pardus

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Messages
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#7
So good of the WSJ to tell us how things should be in law enforcement.

I don't blame the cops at all for having SWAT teams, just makes sense. As society crumbles more and more, SWAT teams will be used more and more.
You watch them bitch when the military start walking the streets with loaded firearms, oh wait, that's already happening.
 

Diamondback 2/2

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#8
I think SWAT has its role, but I'm not sure they should be an automatic go-to for warrant services. I can understand high risk warrant, but I would say 'most' (not all) drug warrants don't fall under "high risk" and the same being for small BS like possible student loan fraud.

I think it is very situational dependent and when I hear or read about SWAT being used for BS warrant services, I think two things:

1) the LEA has a shit bird admin who doesn't understand what, where and how SWAT should be used.

Or

2) you have a SWAT team commander using BS warrants to justify a budget (boost the numbers of warrants served) useing the warrant service as a training tool for the team, or doesn't know how to tell the admins "that is not what SWAT is for"...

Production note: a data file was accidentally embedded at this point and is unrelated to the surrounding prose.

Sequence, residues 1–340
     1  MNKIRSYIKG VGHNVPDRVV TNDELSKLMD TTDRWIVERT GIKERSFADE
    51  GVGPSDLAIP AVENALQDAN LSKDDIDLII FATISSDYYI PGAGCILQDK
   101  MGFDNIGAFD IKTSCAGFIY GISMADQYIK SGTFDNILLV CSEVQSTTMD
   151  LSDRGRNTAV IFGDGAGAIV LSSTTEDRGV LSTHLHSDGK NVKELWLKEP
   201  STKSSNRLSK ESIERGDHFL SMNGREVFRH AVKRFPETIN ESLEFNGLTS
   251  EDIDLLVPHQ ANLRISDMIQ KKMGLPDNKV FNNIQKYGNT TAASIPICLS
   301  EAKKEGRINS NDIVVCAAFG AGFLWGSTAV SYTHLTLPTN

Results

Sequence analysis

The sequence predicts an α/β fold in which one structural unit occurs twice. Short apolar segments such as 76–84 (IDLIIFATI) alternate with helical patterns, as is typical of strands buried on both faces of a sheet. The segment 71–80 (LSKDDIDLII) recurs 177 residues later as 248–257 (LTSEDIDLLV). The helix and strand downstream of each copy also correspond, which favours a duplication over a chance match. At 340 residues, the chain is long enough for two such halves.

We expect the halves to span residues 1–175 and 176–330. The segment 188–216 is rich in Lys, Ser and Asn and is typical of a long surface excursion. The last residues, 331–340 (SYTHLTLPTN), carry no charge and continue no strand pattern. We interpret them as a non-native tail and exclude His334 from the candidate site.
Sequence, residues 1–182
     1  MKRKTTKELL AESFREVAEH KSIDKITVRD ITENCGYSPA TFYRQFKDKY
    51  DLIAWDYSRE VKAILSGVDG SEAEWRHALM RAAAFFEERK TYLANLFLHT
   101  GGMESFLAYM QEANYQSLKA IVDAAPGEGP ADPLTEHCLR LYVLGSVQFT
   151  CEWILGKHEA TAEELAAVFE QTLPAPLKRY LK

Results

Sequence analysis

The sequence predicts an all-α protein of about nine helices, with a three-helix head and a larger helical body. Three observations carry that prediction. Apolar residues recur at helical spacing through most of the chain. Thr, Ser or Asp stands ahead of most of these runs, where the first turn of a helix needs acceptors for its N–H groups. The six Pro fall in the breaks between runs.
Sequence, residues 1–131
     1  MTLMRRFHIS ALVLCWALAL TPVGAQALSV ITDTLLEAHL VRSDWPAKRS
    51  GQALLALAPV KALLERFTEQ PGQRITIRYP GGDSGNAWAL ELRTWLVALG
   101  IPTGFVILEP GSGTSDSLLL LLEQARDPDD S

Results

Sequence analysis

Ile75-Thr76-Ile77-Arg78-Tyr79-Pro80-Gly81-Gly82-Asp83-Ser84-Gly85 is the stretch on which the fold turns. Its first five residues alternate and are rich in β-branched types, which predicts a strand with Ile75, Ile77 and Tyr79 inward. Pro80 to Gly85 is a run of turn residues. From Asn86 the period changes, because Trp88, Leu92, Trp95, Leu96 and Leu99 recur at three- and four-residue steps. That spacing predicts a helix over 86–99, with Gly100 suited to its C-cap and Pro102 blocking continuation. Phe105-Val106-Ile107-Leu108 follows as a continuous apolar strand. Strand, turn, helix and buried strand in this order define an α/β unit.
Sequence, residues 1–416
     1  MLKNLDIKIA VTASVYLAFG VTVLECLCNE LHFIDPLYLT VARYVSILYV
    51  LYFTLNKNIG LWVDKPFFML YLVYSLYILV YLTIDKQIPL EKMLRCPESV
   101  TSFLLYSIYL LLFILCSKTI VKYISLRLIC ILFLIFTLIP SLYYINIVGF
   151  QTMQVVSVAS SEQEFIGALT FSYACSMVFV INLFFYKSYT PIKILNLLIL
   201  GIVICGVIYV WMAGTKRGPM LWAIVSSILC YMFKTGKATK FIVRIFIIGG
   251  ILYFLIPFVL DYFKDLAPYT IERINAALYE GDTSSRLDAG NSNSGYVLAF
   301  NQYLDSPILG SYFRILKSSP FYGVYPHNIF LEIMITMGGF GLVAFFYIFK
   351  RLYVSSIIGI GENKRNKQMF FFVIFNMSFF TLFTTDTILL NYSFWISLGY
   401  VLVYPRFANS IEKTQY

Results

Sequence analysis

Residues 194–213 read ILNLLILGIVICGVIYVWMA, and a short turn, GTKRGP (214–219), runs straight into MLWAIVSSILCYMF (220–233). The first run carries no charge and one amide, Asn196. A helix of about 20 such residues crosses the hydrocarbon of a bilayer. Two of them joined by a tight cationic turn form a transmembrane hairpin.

SWAT is needed, but you need smart people on the leadership side to insure SWAT is used correctly.

My $0.02
 

JBS

Leatherneck
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#10
I have no problem with SWAT teams every city block. Having additional capabilities isn't the issue. It's administering those capabilities in a supremely professional, uniform, and expert manner that is the concern.


I just worry about Constitutionality of activities, strict adherence to department policies, that they recieve rigorous expert level training (unlike the morons with zero fire discipline in the LAPD during the Dorner incident), making sure that these men and women focus on the"Serve" part of "Serve and Protect" and that they absolutely minimize the interference with citizens going about their lives in a lawful manner.
 

Diamondback 2/2

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#11
Correct on both counts. My team does not serve all the warrants our detectives obtain.

As to the rest, well...what definition is the author using for SWAT teams?